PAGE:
Women and Health

By Emily Gold / May / June 1999
November 14th, 2007
In a world where perfectly healthy women end up on hormone replacement therapy and others blame themselves for getting breast cancer, one Brown professor fears a return to the nineteenth-century belief that women are inherently diseased.

"Is there another side, perhaps a dark side, to the intense scrutiny into women's health?" Lundy Braun asked a mostly female audience of Brown students and faculty, health care professionals, and community members in March. Wondering if this overzealous scrutiny might be "pathologizing women," she adds: "The idea becomes that women's bodies are time bombs."

Braun, an associate professor of pathology and laboratory medicine who also works in environmental studies, was one of a dozen experts from across the nation gathered for a day-long conference called Women's Health: Critical Issues, New Frontiers. Presented by the Pembroke Center Associates, the conference was dedicated to the memory of Betsy Lehman '77, a Boston Globe health columnist who died in 1994 while undergoing treatment for breast cancer.

About fifty people gathered to discuss, among other things, the participation of men in taking care of women's health. "We have to stop creating environments where [men] are not welcome and not respected," asserted Helen Rodriguez-Trias, co-director of the Pacific Institute for Women's Health.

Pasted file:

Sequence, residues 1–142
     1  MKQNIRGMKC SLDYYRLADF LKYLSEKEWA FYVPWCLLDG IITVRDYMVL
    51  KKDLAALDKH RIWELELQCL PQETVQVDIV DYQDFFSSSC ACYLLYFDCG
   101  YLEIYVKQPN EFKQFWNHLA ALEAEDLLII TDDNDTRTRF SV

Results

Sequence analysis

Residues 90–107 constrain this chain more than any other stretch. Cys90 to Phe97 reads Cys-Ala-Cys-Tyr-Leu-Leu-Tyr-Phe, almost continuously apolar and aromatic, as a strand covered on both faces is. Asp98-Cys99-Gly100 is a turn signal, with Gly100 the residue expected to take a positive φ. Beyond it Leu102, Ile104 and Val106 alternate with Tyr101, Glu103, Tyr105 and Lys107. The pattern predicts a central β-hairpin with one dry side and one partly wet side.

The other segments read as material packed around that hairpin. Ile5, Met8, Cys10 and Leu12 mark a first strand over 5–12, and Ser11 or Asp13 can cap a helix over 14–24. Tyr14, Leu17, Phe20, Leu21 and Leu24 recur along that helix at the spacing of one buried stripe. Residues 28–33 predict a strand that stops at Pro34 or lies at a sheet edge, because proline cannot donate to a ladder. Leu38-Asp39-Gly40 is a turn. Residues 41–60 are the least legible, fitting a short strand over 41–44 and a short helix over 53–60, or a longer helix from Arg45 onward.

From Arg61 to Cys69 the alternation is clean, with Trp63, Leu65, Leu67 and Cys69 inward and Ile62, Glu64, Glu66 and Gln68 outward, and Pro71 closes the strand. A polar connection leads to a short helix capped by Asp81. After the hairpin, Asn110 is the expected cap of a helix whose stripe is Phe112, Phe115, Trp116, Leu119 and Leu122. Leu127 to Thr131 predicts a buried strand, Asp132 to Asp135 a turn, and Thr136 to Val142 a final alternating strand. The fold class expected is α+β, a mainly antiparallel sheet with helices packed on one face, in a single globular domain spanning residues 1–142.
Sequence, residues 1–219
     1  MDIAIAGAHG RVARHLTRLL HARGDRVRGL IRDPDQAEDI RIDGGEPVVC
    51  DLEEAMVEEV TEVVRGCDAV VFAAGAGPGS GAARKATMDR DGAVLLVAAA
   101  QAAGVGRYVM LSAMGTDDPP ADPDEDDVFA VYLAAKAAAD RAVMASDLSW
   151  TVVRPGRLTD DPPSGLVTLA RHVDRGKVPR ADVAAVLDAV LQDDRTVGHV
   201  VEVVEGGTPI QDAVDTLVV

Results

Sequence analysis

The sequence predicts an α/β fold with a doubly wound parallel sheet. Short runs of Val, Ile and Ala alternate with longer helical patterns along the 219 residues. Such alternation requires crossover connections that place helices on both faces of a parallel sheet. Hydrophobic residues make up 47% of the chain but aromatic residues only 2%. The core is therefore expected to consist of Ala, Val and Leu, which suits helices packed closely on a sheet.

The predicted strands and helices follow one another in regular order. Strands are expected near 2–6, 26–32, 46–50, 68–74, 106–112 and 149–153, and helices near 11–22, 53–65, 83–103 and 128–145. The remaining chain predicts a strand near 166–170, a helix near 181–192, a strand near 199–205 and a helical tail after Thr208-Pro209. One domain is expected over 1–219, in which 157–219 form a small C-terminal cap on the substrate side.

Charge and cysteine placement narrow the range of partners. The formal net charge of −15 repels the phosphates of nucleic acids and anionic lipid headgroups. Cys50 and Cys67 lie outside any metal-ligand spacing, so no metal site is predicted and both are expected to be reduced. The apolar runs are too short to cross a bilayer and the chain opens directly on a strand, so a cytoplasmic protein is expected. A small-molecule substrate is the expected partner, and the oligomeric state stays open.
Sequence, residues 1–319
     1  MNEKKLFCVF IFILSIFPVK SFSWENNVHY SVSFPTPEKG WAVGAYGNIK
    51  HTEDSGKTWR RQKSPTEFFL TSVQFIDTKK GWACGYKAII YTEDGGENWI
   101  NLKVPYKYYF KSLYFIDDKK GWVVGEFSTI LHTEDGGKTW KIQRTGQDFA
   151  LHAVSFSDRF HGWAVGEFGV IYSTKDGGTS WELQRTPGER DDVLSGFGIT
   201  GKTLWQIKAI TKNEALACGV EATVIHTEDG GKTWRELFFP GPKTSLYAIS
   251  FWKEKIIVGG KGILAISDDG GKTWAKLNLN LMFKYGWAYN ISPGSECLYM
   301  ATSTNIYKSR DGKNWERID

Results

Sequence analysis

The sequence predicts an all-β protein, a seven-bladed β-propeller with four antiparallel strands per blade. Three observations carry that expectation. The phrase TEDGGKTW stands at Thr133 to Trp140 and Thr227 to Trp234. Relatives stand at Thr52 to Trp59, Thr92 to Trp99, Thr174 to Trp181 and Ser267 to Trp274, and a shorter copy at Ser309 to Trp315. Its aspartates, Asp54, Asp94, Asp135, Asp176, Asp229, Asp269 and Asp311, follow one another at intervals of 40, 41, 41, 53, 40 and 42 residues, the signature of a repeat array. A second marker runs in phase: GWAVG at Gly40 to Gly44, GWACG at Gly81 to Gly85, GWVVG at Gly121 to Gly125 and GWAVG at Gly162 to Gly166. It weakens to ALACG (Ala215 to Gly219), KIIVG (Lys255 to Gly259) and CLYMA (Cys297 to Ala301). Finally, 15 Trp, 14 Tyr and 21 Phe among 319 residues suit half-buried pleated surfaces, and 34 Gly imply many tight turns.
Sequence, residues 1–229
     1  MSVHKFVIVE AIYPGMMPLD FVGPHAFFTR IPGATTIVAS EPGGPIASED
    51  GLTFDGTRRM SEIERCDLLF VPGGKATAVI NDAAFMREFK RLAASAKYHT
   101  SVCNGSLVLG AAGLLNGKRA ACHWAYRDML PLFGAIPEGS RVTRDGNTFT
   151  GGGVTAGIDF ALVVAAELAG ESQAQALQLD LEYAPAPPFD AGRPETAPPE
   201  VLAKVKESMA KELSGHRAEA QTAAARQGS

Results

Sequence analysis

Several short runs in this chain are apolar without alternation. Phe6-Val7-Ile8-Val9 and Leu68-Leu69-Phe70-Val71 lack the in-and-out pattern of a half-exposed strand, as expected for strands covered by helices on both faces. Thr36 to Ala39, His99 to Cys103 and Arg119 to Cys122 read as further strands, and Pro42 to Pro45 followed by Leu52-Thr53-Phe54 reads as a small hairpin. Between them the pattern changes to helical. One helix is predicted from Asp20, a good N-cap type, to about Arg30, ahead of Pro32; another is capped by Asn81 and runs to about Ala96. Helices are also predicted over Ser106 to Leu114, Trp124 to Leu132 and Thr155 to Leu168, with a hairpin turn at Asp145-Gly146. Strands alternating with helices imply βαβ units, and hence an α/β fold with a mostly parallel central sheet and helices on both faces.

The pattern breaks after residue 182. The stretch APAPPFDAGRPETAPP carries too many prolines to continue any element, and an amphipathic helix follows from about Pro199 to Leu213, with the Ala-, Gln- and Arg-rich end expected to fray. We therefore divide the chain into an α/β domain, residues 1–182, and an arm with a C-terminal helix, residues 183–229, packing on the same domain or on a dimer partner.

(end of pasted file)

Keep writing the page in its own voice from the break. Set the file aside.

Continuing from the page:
The experts agreed that a number of health issues are of particular concern to women, however. Depression, for example, afflicts women at twice the rate of men. "A lot of women feel that it's their lot in life," said primary-care doctor Alicia Monroe '73, explaining why many are unwilling to take antidepressants. To illustrate the point, she talked about one patient with job difficulties, a controlling mother, and an annoying red rash on her face. "Sure I'm depressed," the patient told Monroe, "but my problems in life, pills won't fix."

Women who are suffering need to hear from other patients, said Hester Hill Schnipper, dispensing advice she learned during her own battle with breast cancer. "First laugh a lot," she told the audience. "Learn how to live, and you will know how to die. Learn how to die, and you will know how to live."

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May / June 1999